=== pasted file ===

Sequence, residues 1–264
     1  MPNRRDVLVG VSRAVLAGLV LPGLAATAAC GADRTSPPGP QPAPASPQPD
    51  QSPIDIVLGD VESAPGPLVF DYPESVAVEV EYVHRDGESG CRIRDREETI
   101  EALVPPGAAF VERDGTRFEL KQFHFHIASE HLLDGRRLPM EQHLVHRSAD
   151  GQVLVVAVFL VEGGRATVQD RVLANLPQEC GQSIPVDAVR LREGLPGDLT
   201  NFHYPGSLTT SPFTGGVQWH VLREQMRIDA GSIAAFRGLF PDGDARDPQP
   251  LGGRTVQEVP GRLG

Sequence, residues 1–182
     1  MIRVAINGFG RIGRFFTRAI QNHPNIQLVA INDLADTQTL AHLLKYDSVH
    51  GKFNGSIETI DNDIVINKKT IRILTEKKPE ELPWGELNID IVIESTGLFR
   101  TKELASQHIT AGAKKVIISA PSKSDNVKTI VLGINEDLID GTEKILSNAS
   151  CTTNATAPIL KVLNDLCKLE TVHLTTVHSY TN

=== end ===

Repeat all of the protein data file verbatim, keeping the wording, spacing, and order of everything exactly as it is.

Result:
Sequence, residues 1–264
     1  MPNRRDVLVG VSRAVLAGLV LPGLAATAAC GADRTSPPGP QPAPASPQPD
    51  QSPIDIVLGD VESAPGPLVF DYPESVAVEV EYVHRDGESG CRIRDREETI
   101  EALVPPGAAF VERDGTRFEL KQFHFHIASE HLLDGRRLPM EQHLVHRSAD
   151  GQVLVVAVFL VEGGRATVQD RVLANLPQEC GQSIPVDAVR LREGLPGDLT
   201  NFHYPGSLTT SPFTGGVQWH VLREQMRIDA GSIAAFRGLF PDGDARDPQP
   251  LGGRTVQEVP GRLG

Sequence, residues 1–182
     1  MIRVAINGFG RIGRFFTRAI QNHPNIQLVA INDLADTQTL AHLLKYDSVH
    51  GKFNGSIETI DNDIVINKKT IRILTEKKPE ELPWGELNID IVIESTGLFR
   101  TKELASQHIT AGAKKVIISA PSKSDNVKTI VLGINEDLID GTEKILSNAS
   151  CTTNATAPIL KVLNDLCKLE TVHLTTVHSY TN